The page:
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Meeting planners: Imagine not having to worry about your hybrid tech working

By April 5, 2022Projection

Here’s a look at how technology integration took center stage at AGU’s hybrid Fall Meeting.

If you’re planning (or have planned) a hybrid meeting, you know that the number of technologies and tools available from which to choose can be daunting. (After all, the number of digital event solutions has quadrupled since 2020.) But the choice of tech is only the first hurdle, and it’s a relatively small one. The bigger, more challenging hurdles come as you and your team must connect your chosen tech – from registration and attendee engagement tools to event platform – behind the scenes to deliver a seamless and positive attendee experience.

While every new meeting brings its own challenges (as we industry veterans are well aware), these tech-centric obstacles can be especially daunting because the tools have – for the most part – not yet been designed to integrate seamlessly. That means, on the backend, teams must create workarounds, build/plug into multiple APIs or design custom solutions. And, like everything in the meetings world, if not executed perfectly, these efforts can have a negative impact on attendee experience.

It’s hard to find the words that can capture the complexity of today’s tech landscape, and the feats of strength, ingenuity, creativity and problem-solving that are required to pull off a hybrid meeting. With the number of tools required, the behind-the-scenes picture is often one of “duct-taping” digital tools together in order to share information and data necessary to the meeting’s execution.

At Projection, we saw the toll this complexity was taking on our clients – the meeting planners and meeting teams – as well as all the vendors and technicians that were working together to make the meeting a success. In true Projection fashion (one of our core values is ‘resourcefulness’), our team got to work on a solution. Built on the foundation of our content management platform, ProjectionNet, we are able to integrate all of a meeting’s digital tech tools such as abstract management, conference app and streaming platform, and create one hub from which all of these tools’ data can be managed and shared.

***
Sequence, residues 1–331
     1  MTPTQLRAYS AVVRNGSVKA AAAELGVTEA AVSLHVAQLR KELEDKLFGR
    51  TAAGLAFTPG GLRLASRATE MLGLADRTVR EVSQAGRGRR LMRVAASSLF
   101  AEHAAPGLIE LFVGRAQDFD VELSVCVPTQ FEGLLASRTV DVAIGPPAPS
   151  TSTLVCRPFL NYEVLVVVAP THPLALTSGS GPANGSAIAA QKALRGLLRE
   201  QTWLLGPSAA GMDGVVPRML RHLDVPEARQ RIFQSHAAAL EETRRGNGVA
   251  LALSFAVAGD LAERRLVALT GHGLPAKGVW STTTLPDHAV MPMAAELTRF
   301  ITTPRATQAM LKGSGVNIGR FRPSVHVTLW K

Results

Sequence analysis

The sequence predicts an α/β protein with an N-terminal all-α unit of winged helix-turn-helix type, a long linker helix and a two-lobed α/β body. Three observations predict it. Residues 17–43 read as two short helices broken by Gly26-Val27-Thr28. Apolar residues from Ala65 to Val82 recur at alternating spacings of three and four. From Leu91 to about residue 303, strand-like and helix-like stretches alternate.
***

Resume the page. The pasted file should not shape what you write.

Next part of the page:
While we have customized ProjectionNet for many other meetings, a great case study is The American Geophysical Union (AGU) given its complexity and size.

Hybrid tech integration in practice: The American Geophysical Union’s (AGU) Fall Meeting

AGU’s vision is a thriving, sustainable and equitable future supported by scientific discovery, innovation and action. To support that vision, the team is always looking to create a meeting experience where collaboration, sharing and innovation take center stage – and everything needed to support that experience disappears seamlessly into the backdrop.

To make that a reality, a focus on digital-first is extremely important. Like many organizations, AGU is leaning into digital transformation, and its annual meeting is part of those efforts.

The right (or wrong) hybrid tools can make or break the attendee experience

Time and time again, we have seen teams choose tools based on another organization’s meeting, or what the attendee experience looks like through a particular platform, for example. Unfortunately, teams very often do not choose the tools based on their defined business strategy and how that strategy needs to be communicated through an association’s meeting.